"Gender bending chemical in food tins may cut male fertility," according to the Daily Mail. The article is based on research examining levels of bisphenol A (BPA), a chemical found in commercial plastic packaging (including many food and drink products) in the urine of 190 men recruited from an infertility clinic.
The study found BPA was present in 89% of samples and that there was a trend for higher BPA levels to be associated with poor sperm quality, as well as damage to sperm DNA.
This small cross-sectional study has several limitations. The results were not statistically significant, the study design cannot show cause and effect and there was no comparison group of men who were not attending an infertility clinic.
As such, the newspapers have exaggerated the significance of this research, which does not provide evidence that BPA causes sperm damage or poor sperm quality in humans. As the researchers say, this observed association needs further research using larger and varied population samples, and taking multiple urine and semen samples. As BPA is so widespread in the environment and as lab studies have shown the chemical can affect animals, it makes sense to carry out this research.
A risk assessment of BPA was published by the European Food Safety Authority (EFSA) in 2007. It found that intakes of BPA through food and drink were well below the Tolerable Daily Intake (TDI), which is the estimate of the amount of a substance that can be ingested daily over a lifetime without appreciable risk. The EFSA is publishing a new report on BPA in September that takes into account the latest scientific evidence. It has indicated it will maintain the current TDI but says it has identified “areas of uncertainty which merit further consideration”.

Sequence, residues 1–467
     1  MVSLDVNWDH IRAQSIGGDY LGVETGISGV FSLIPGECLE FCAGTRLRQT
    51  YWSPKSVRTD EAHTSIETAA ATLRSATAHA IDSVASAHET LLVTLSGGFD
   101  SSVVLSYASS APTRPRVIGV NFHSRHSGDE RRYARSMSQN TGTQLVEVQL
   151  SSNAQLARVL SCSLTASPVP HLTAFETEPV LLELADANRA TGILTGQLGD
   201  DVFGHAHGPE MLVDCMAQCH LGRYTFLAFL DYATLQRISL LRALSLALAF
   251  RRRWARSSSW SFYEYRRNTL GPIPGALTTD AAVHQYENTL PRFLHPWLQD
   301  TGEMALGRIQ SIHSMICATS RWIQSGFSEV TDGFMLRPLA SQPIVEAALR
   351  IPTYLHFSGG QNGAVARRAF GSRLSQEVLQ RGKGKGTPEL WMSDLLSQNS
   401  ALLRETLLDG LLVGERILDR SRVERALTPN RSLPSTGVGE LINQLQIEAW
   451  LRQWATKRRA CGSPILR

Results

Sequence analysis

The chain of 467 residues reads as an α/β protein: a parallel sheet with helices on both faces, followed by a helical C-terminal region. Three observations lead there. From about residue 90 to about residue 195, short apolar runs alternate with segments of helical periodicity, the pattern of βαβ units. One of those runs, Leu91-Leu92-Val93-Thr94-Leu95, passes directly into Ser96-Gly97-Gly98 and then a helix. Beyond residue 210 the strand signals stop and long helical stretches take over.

The study was carried out by researchers from the University of Michigan, Harvard School of Public Health, Massachusetts General Hospital and the Centres for Disease Control and Prevention, in the US. It was funded by the National Institutes of Health. The study was published in the peer-reviewed journal: Reproductive Toxicology.
The news reports have implied a more definite link between BPA and sperm quality than this preliminary study actually suggests, with the Mail claiming that BPA “can cause infertility in men”, which this cross-sectional analysis cannot prove.
However, both the Mail and the Metro quoted opinions from independent experts, including the Food Standards Agency, saying that exposure to the chemical is “well below levels considered harmful”.
This cross-sectional study examined levels of bisphenol A (BPA) in men’s urine and the quality of their semen and sperm. BPA is a chemical used in the manufacture of plastic packaging, including many food and drink products. Its use over many years in such a wide variety of products has resulted in most of the population being exposed to the chemical.
Laboratory studies have shown that BPA can affect hormones in animals while other studies have found it to impair sperm development in rats. This is the first research to look at its possible effects in adult human males.